Cynthia asked Dr. Borlaug if there were any clinical trials focused on heart failure with preserved ejection fraction. “He brightened up and said, ‘Are you interested?’” Cynthia says. “I said, ‘You bet I am.’ We started our clinical trial journey together.”
Over the next five years, Cynthia enrolled in any cardiovascular clinical trial Dr. Borlaug was working on that showed promise for helping patients with this type of heart failure.
Cynthia trusts the physicians and researchers at Mayo Clinic so much, in part, because of her long history with the institution. Long before she was diagnosed with heart failure, she had first decided to seek care at Mayo in the early 1990s for a skin condition that had been misdiagnosed elsewhere. She was amazed to walk out of her first dermatology visit with an accurate diagnosis and treatment plan.
Over the last three decades, Cynthia has traveled 600 miles from Kansas to Mayo Clinic in Rochester, Minnesota, for her medical care. Her care team has treated her for a myriad of serious, complex conditions, including breast cancer, kidney cancer and kidney failure. She has also been seen by experts in endocrinology for weight loss; ophthalmology for glaucoma; rheumatology for osteoarthritis, inflammatory arthritis and gout; pulmonology for reactive airway disease and asthma; and pain medicine to manage her chronic pain.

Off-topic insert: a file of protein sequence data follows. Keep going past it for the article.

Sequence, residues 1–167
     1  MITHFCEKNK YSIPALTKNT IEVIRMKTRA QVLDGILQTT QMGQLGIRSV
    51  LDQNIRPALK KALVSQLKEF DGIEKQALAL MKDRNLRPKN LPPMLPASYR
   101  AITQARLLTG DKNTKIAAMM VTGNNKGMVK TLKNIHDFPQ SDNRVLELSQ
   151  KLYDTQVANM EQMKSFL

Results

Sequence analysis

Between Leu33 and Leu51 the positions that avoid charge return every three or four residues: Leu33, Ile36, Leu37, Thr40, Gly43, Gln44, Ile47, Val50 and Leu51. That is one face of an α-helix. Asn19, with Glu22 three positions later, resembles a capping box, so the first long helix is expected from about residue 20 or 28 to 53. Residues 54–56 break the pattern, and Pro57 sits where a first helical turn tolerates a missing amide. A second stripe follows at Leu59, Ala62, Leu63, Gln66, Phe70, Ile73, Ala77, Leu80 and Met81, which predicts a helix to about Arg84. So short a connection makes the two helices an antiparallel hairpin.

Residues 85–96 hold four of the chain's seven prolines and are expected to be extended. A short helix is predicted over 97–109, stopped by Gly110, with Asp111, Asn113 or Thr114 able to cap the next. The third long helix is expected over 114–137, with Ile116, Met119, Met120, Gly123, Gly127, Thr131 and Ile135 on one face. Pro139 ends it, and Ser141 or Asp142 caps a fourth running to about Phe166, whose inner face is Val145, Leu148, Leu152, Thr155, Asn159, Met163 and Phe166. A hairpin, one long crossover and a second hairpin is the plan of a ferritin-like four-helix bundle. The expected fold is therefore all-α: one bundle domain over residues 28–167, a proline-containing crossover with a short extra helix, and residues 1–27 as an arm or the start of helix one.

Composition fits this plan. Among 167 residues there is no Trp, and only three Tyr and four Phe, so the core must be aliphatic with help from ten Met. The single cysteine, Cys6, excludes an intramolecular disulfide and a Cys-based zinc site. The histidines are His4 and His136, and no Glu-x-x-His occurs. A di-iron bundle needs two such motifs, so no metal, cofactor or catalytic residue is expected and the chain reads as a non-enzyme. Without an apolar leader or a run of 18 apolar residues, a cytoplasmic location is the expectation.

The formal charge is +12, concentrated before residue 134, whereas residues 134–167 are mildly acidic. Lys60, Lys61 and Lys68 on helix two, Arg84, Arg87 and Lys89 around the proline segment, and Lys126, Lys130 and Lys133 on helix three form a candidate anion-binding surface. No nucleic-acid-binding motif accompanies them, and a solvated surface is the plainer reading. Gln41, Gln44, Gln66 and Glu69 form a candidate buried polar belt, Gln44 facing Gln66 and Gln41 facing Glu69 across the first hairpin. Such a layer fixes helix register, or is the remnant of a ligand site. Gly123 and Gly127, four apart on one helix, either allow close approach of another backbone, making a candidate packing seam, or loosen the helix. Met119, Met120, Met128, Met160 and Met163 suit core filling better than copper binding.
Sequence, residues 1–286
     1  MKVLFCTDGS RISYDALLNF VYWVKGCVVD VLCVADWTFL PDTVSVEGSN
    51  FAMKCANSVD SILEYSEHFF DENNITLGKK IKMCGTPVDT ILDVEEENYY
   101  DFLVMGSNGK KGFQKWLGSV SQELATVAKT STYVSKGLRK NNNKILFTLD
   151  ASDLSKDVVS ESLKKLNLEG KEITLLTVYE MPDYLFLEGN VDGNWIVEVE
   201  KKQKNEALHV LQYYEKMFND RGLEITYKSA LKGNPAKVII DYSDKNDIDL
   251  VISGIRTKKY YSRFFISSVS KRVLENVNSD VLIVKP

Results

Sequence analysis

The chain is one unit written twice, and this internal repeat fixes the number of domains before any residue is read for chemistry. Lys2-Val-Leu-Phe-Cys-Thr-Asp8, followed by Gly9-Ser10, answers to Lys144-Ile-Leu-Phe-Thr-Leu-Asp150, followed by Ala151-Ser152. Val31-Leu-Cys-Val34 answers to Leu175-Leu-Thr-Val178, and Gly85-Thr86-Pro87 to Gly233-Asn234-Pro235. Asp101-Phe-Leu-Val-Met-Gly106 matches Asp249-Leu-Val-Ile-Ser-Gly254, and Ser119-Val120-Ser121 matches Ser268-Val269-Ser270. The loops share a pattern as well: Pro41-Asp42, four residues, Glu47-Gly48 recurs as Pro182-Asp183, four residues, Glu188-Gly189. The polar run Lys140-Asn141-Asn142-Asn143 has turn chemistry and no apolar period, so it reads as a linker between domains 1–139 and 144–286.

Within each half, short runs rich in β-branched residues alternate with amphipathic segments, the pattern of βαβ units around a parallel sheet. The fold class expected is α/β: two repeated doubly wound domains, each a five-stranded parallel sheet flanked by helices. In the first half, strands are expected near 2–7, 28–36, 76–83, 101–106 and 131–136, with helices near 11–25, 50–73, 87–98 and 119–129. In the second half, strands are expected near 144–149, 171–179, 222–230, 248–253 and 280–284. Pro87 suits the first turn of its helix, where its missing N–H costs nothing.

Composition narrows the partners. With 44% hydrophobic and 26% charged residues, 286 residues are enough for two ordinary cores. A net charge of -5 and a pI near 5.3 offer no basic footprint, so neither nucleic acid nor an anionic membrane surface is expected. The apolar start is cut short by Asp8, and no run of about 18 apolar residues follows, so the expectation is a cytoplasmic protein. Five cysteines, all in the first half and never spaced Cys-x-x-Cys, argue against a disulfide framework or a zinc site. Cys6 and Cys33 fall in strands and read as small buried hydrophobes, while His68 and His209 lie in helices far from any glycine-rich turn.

“When you walk into Mayo, the atmosphere is very positive and uplifting,” she says. “It’s a comforting place to be.”
By the spring of 2019, Cynthia had participated in six cardiovascular clinical trials with Dr. Borlaug.
He was working on a new study and believed she would be a perfect fit. The small phase 1 trial focused on testing a new, Mayo-invented surgery called a pericardiotomy. Dr. Borlaug’s hypothesis was that surgically opening up the pericardium — the outer layer of the heart — could relieve some of the pressure in the heart, giving it room to fill with blood better prior to pumping. It would be the first attempt in human volunteers to address heart failure with preserved ejection fraction.
For Cynthia, it was an easy decision. Even if she did not benefit in the long run, she would be helping future patients by participating in cardiovascular research.
“I’ll do anything to keep my heart as healthy as I can and help anyone with this disease,” she says. “It’s really exciting.”